Quote Originally Posted by Hugo G View Post
    ...
    (To clarify, I'm talking about the password to encrypt the files, not the password used to enter in the Mozy account, and I never wrote this password in the second machine at any time before)
    I hope, for the good of your customers, you also check your backup system to be binary-exact (as a backup must be).

    Best regards.

  7. #7
    Super Moderator jscher2000's Avatar
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    Quote Originally Posted by Devin Knighton View Post
    Mozy provides its customers with an option of choosing to use either a Mozy encryption key or to create their own personal encryption key.
    The online help explains:
    Mozy gives you the ability to select your data's encryption method: a Mozy key with 448-bit Blowfish encryption or your own private key with 256-bit AES encryption. Your files are encrypted on your computer using the key of your choice, and then transferred to the Mozy servers using 128-bit SSL encryption, the industry standard for safe and secure data transfer. Please note that if you select to use your own private key, it is impossible for Mozy to decrypt your data, so you must be very careful not to lose it.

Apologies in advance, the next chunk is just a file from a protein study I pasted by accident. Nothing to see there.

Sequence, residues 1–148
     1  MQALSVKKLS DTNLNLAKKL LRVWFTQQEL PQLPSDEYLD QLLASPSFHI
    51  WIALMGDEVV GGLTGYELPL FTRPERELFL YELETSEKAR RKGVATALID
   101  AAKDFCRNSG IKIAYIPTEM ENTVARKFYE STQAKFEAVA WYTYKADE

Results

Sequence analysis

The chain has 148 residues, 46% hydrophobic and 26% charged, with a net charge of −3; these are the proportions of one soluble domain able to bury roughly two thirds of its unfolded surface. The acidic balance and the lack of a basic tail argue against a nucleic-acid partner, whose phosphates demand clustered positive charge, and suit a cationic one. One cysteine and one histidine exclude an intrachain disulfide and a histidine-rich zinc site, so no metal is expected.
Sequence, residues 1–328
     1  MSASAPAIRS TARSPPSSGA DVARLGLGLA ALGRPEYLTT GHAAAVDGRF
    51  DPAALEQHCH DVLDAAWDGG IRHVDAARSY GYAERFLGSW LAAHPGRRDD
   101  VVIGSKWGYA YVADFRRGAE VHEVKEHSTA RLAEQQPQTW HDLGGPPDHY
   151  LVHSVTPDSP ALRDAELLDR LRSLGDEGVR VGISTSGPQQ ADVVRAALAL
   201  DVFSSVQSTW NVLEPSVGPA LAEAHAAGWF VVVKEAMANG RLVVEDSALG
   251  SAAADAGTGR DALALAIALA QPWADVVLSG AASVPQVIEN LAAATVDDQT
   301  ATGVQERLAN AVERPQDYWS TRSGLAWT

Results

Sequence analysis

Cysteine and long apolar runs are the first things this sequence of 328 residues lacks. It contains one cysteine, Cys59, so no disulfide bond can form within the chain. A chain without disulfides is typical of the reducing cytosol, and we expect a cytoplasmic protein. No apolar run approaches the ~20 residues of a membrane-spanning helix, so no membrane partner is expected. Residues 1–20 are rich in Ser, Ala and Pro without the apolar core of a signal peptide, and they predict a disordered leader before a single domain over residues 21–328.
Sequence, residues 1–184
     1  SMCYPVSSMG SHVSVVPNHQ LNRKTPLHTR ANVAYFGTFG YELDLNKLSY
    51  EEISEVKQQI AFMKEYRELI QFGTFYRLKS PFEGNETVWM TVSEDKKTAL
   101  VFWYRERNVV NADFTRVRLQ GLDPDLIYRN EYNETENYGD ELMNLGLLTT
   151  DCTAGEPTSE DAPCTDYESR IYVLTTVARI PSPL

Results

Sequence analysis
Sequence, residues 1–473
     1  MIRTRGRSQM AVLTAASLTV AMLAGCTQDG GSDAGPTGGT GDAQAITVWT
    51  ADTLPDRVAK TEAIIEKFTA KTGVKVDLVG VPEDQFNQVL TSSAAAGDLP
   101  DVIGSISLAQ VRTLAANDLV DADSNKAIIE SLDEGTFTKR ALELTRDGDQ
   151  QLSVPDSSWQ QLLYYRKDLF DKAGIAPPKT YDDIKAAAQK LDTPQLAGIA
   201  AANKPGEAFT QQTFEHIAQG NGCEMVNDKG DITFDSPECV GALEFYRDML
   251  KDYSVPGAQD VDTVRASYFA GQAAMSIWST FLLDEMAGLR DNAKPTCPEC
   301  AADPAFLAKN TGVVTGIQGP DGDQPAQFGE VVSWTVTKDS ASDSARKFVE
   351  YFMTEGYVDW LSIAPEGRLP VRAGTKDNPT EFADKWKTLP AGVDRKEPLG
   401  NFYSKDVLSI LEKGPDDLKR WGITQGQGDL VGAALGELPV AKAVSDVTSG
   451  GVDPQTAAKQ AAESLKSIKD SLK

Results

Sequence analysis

Source: Mozy Help: How do I know that my data is safe and secure?

    Quote Originally Posted by Devin Knighton View Post
    From what I can tell from reading the thread above, the customer selected a Mozy encryption key to encrypt his data. That is why he was able to decrypt the data without inputing the "password." He wouldn't need to use his password. As I mentioned before, a password is different than an encryption key.
    Presumably the user would need his Mozy account password to get into his account on the server to generate his web restore file. But what you seem to be saying is that the restore file either is not encrypted, or it contains the necessary credentials to decrypt its contents on the target machine. In that scenario, the user's protection would be that the encoded URL for downloading the restore file is impossible to guess in a reasonable amount of time (it is available on the web for a limited period).